CARDINAL JOHN CODY, Archbishop of Chicago and a leading Church figure, died on Sunday, aged 74. He had been in ill-health for some time, and it is believed he had suffered a heart attack.
Always a controversial leader, Cody aroused the hostility of both conservatives, who disliked his liberal policies, and liberals, who were angered by the autocratic measures he sometimes employed to increase the effectiveness of the Church in his diocese.
But he nevertheless commanded enormous support from the Middle American Roman Catholic congregations, and more especially from the black community, who recognised the great efforts he had made on their behalf, particularly in the desecration of Catholic schools.
This support was demonstrated last September by the huge numbers of people who rallied to his defence after the Chicago Sun-Times_a paper known to be critical of the Cardinal, published the news that he was under investigation by a federal grand jury for his alleged improper diversion of Church funds to a Mrs Helen Wilson, a life-long friend and step-daughter of his aunt.
John Patrick Cody was born in St Louis, Missouri, on December 24, 1907, and was educated at the St Louis preparatory seminary. In 1926 he was assigned to continue his studies for the priesthood at the North American College, where he earned doctorates in
philosophy and theology the latter degree ..slinuna cum laude.
He was ordained a priest in Rome in 1931, and he spent several years on the staff of the Vatican Secretariat of State where he worked closely with two future Popes.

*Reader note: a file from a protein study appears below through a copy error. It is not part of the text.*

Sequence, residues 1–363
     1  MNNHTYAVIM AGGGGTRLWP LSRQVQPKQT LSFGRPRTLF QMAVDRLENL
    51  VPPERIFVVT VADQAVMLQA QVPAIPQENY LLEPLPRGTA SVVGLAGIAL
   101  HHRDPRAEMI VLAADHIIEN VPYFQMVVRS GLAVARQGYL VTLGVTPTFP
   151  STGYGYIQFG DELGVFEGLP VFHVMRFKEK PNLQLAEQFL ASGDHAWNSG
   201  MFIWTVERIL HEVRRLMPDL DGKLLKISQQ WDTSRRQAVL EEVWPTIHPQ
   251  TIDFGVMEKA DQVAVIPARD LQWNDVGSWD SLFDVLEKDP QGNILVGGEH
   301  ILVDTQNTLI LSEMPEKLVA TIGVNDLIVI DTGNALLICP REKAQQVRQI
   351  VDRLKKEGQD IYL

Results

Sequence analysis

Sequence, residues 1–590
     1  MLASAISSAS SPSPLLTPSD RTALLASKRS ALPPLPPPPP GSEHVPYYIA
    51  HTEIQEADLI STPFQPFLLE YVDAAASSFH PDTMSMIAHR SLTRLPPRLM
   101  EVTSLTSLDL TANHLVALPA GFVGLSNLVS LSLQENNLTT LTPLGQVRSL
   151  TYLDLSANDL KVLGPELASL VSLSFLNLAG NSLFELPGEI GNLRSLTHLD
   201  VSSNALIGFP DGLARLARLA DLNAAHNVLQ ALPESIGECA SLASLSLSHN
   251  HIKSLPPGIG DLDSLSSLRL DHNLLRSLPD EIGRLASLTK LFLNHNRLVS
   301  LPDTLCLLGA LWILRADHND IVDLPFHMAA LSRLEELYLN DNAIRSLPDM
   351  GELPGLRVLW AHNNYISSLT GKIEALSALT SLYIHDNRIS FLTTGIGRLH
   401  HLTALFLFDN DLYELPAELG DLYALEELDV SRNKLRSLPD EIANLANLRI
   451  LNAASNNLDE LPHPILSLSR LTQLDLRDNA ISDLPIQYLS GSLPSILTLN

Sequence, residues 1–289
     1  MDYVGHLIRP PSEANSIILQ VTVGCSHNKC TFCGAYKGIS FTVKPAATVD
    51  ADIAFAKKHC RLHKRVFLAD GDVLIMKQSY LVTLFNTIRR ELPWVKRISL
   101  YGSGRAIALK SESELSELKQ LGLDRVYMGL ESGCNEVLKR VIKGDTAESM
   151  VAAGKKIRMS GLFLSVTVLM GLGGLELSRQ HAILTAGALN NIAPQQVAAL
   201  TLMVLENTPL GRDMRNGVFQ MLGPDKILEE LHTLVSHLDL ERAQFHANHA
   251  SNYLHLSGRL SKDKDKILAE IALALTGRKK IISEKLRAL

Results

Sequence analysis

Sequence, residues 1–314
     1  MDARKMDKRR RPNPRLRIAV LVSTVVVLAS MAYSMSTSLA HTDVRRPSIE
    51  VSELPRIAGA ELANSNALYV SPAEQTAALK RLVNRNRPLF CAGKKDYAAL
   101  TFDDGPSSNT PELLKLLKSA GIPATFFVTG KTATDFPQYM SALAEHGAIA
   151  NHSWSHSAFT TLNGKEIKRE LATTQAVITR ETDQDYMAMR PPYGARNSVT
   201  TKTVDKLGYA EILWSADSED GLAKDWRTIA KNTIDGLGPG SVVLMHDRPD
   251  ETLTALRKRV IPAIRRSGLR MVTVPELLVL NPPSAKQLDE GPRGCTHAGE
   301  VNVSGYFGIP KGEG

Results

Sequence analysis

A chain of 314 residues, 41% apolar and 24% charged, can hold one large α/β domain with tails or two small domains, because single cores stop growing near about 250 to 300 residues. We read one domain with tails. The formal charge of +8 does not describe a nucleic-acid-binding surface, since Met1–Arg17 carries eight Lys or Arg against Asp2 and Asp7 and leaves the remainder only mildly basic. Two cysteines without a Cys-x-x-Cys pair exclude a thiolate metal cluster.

When he returned to the United States in 1938 he became an auxiliary bishop in St Louis. Missouri. and began to build a reputation as a first-class administrator.
He became bishop of Kansas City in 1956, where he concentrated his efforts on two areas of pastoral cite, Catholic education and religious vocations. During. his five years in Kansas, he built ten new schools and enlarged or renovated many He also established a separate diocesan vocations office in the chancery, and within five years vocations had approximately doubled.
He was appointed to New Orleans in 1961, as coadjutor to Archbishop Joseph Rummel. At Archbishop Rummel's request he became apostolic administrator of the diocese, and one of his first acts was to force through the integration of Church schools.
Cardinal Cody had been active in the support of the integration movement in both St Louis and New Orelans, but it was during his period in New Orelans that a number of leaders of the segregation movement, including Leander Perez, were excommunicated, and opposition effectively quashed.
Cardinal Cody also inaugurated a central finance programme which resulted in the savings of tens of thousands of dollars, as well as making available low-cost loans to parishes.
He was named Archbishop of Chicago on June 16. 1965, assuming responsibility for some 2-t million Catholics. 527 parochial schools, and 12,000 priests and nuns. He was made a Cardinal in 1967.
Cardinal Cody had many critics. not least the priest's association which in 1979 complained to the Vatican about what were seen as his despotic methods. They also complained about his "disregard for the human dignity of priests and people."